To Kill a Mockingbird

20 August 2014
Written by Diana Kenny
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In To Kill a Mockingbird, author Harper Lee uses memorable characters to explore civil rights and racism in the segregated south of the USA during the 1930s


To Kill a Mockingbird , by Harper Lee, winner of the Pulitzer Prize in 1964

I love this book and return to it every couple of years. The storyline never fails to move me and it occurred to me that there may be some of you who have never read it.

Written in the 1960s to the background of the civil rights movement, Martin Luther King and the goal to remove racial segregation, the novel covers a period of three years in Alabama during the 1930s.

It is a truism that a writer writes of the things and people they know.  Lee most certainly does that; her father Amasa Lee – Atticus Finch in the novel - was a newspaper editor who became a lawyer. He himself defended a black father and son against an accusation of murder of a storekeeper but they were both hanged.

The story is told through the eyes of Jean Louise Finch, nicknamed Scout. Scout lives with her older brother Jem, her father Atticus and black cook Calpurnia as her mother has died. Scout is six years old at the start of the novel and the events mainly concern the antics of the children and their summertime friend Dill (in real life Truman Capote). Together the children construct a bogie man character for Boo Radley, a next door neighbour who is never seen. He features in their stories and dares – who can get close enough to see him though the window? Jem keeps a worried eye on Atticus and Scout and Calpurnia cares for them all.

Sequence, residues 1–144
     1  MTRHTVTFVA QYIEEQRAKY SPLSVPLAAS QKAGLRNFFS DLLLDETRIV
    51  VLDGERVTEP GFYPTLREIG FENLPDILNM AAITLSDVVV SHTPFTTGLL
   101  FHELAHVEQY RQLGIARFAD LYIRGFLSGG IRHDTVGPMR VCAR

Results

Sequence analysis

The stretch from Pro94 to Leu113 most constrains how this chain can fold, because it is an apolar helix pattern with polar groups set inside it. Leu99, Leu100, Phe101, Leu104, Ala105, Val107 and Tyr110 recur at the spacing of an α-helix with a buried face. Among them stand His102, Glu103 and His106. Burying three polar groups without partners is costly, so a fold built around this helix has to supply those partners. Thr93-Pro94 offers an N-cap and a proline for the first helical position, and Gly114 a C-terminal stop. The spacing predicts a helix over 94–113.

The later plot concerns Atticus’s acceptance of the challenge to represent a black man, Tom Robinson, who has been accused of rape.  Scout is a smart, intelligent child and her account of events, although given in a child’s language, has with it an adult’s viewpoint. The novel is beautifly written with great warmth. Courage and justice are applauded and prejudice and injustice are shown to be what they are.

The two parts of the book, although seemingly quite different, come together at the conclusion. Packed with wisdom mostly dispersed though the role of Atticus, the book has a timeless quality, all the roles are well defined and I believe Atticus Finch would have to be one of the most memorable characters in American literature.

I must mention the movie. Gregory Peck played the central role of Atticus and before starting on the film Peck went to Alabama to meet the real Atticus, Lee’s father Amasa Lee. In gratitude for his performance Lee presented him with her father’s watch. It is a movie that stands proudly alongside the novel.

It is the only novel Harper Lee wrote and when asked the reason when she was in her seventies she replied:

 "Two reasons: one, I wouldn't go through the pressure and publicity I went through with To Kill a Mockingbird for any amount of money. Second, I have said what I wanted to say and I will not say it again."

But let us leave the last word to Atticus and I urge you, if you have not already done so to read the book.

“I wanted you to see what real courage is, instead of getting the idea that courage is a man with a gun in his hand.  It’s when you know you’re licked before you begin, but you begin anyway and see it through no matter what.”




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